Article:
Estate debts include debts that the decedent owed at the time of his death such as credit card bills, personal loans, outstanding taxes, and other debt owed to the government. The executor is also responsible for paying expenses related to the funeral and interment of the decedent as well as the expenses related to the administration of the estate. Such expenses are paid out of estate funds.
The executor is required to pay all valid and timely filed claims against the estate as well as expenses of estate administration. Creditors are given notice of the probate proceeding and must file their claims during the claims period. Failure to do so may result in the creditor not getting paid. Even for creditors who filed their claims timely, the executor can only pay estate debt to the extent that there are assets in the estate to do so. If there are insufficient assets, the executor must pay debts based on a statutory order of priority.
Distributing estate assets. After paying debts and expenses, the executor can distribute the estate's assets to the beneficiaries named in the will. Prior to the final distribution of assets, small allowances can be given to the testator's spouse, minor children and others who relied on the testator for support. In general, however, no assets are distributed until debts are paid and all other estate issues are resolved.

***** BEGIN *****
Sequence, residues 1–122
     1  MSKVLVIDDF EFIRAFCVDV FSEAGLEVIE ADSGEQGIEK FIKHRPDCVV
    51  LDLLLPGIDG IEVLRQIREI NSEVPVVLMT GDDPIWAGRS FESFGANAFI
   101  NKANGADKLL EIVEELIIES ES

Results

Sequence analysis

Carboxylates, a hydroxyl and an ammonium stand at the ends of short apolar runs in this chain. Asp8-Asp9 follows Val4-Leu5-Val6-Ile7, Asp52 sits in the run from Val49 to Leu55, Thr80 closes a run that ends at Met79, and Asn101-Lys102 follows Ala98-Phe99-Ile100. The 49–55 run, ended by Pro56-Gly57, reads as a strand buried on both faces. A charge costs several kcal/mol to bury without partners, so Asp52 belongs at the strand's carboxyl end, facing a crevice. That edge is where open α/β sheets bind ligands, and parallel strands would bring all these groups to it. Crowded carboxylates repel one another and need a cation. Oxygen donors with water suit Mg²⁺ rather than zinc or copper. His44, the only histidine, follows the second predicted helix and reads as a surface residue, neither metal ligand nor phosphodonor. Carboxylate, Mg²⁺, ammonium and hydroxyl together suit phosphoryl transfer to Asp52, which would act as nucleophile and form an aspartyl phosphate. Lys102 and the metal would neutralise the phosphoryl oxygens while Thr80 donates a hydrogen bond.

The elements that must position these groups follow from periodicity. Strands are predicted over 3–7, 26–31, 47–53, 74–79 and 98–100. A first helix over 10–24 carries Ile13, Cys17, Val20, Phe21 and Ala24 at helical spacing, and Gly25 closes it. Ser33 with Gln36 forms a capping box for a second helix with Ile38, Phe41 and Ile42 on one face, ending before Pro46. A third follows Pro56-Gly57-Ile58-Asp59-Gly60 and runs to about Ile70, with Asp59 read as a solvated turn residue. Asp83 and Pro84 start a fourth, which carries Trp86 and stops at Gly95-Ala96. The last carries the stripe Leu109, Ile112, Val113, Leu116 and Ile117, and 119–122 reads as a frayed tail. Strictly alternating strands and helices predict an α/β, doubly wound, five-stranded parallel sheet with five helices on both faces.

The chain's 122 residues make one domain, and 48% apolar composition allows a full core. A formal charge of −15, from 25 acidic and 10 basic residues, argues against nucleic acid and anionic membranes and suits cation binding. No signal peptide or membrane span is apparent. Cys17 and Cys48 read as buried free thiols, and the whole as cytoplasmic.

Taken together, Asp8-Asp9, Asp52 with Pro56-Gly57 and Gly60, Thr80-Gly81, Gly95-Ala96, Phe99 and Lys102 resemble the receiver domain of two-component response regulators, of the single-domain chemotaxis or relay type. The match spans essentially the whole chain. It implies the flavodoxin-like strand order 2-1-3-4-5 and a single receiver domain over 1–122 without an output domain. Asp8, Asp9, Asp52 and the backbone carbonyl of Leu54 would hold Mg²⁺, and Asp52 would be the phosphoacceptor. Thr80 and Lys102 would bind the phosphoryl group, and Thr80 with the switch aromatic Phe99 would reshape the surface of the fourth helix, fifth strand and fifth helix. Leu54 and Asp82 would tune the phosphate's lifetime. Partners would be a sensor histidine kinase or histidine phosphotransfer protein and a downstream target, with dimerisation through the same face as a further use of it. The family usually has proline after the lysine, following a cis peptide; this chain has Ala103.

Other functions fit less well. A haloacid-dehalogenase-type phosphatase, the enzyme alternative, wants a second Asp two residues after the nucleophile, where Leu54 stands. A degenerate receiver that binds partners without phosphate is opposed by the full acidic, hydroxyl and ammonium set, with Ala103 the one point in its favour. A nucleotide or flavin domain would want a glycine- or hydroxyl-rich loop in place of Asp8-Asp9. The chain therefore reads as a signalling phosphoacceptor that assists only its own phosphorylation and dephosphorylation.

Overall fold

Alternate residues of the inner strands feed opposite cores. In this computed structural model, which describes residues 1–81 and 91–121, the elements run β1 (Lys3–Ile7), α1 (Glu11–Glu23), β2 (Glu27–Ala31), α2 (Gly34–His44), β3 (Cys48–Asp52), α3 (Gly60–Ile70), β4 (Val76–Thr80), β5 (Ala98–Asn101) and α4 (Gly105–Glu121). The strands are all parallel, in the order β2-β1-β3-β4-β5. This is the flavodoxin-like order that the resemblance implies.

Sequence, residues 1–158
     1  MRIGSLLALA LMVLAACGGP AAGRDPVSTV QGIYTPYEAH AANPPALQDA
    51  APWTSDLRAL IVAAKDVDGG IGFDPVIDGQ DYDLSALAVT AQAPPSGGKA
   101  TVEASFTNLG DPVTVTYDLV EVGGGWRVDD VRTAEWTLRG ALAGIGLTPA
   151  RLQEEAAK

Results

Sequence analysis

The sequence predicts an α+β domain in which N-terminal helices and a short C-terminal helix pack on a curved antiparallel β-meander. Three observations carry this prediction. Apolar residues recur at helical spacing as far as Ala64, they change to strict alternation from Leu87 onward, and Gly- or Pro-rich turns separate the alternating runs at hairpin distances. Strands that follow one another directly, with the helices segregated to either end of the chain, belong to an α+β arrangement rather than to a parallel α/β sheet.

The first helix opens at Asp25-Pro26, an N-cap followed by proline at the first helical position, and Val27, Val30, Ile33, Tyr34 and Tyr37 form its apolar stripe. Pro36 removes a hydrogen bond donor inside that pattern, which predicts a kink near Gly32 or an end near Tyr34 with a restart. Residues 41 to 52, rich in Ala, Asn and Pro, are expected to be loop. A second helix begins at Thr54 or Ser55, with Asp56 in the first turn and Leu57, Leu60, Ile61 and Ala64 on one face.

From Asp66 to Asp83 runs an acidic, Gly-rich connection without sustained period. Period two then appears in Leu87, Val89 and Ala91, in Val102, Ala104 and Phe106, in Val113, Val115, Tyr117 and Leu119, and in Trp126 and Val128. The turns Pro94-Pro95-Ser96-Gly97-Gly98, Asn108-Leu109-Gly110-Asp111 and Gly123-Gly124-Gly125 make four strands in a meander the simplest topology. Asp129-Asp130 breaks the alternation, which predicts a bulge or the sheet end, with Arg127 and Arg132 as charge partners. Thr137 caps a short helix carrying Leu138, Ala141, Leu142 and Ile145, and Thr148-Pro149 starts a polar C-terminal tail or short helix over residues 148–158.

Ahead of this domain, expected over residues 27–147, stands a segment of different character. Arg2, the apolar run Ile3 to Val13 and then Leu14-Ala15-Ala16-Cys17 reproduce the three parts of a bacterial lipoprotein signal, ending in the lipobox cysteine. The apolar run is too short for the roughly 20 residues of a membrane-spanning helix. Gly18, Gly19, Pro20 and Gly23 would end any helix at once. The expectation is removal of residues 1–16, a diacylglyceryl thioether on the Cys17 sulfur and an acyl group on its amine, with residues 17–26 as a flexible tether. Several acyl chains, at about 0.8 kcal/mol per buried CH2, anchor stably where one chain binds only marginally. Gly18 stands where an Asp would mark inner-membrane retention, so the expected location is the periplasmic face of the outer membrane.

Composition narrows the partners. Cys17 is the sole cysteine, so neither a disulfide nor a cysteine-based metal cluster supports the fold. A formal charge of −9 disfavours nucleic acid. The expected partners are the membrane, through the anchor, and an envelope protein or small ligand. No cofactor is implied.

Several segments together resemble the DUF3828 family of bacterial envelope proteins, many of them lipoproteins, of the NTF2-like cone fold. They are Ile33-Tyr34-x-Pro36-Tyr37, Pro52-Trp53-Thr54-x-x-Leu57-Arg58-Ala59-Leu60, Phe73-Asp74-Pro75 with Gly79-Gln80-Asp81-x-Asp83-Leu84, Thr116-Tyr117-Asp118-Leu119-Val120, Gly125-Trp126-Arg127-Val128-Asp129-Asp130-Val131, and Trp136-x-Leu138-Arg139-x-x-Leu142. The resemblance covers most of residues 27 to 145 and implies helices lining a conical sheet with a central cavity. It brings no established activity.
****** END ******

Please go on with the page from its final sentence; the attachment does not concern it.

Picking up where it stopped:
Regardless of what the will states, the executor can only distribute estate assets to the extent that assets remain in the estate after bills and expenses are paid. If you are facing a situation where there are insufficient assets, contact an experienced executor duties and responsibilities attorney in New York who can explain how to handle the situation, including how to apply the process of abatement. Abatement of legacies occurs when the will contains bequests that exceed the value of the estate assets available to satisfy such bequests. The rules are designed to ensure that specific bequests are funded before general distributions. For example, residuary property and general cash gifts will abate before specific gifts.Contact the Law Offices of Stephen Bilkis & Associates
The duties and responsibilities of an executor are often quite routine. However, they can also become quite complicated depending on the size of the estate and any unexpected events that develop in the process such as estate litigation. An experienced executor duties and responsibilities attorney serving New York will be able to help you complete the process of winding up the testator's affairs and distributing estate assets as quickly as possible under the circumstances. The attorneys at the Law Offices of Stephen Bilkis & Associates have decades of experience successfully representing clients in a variety of complex probate and administration matters. We are here to help. Contact us at 1-800-NY-NY-LAW (1-800-696-9529) to schedule a free, no obligation consultation regarding your case. We represent clients in the following locations: Manhattan, Bronx, Westchester County, Long Island, Brooklyn, Nassau County, Queens, Staten Island, and Suffolk County.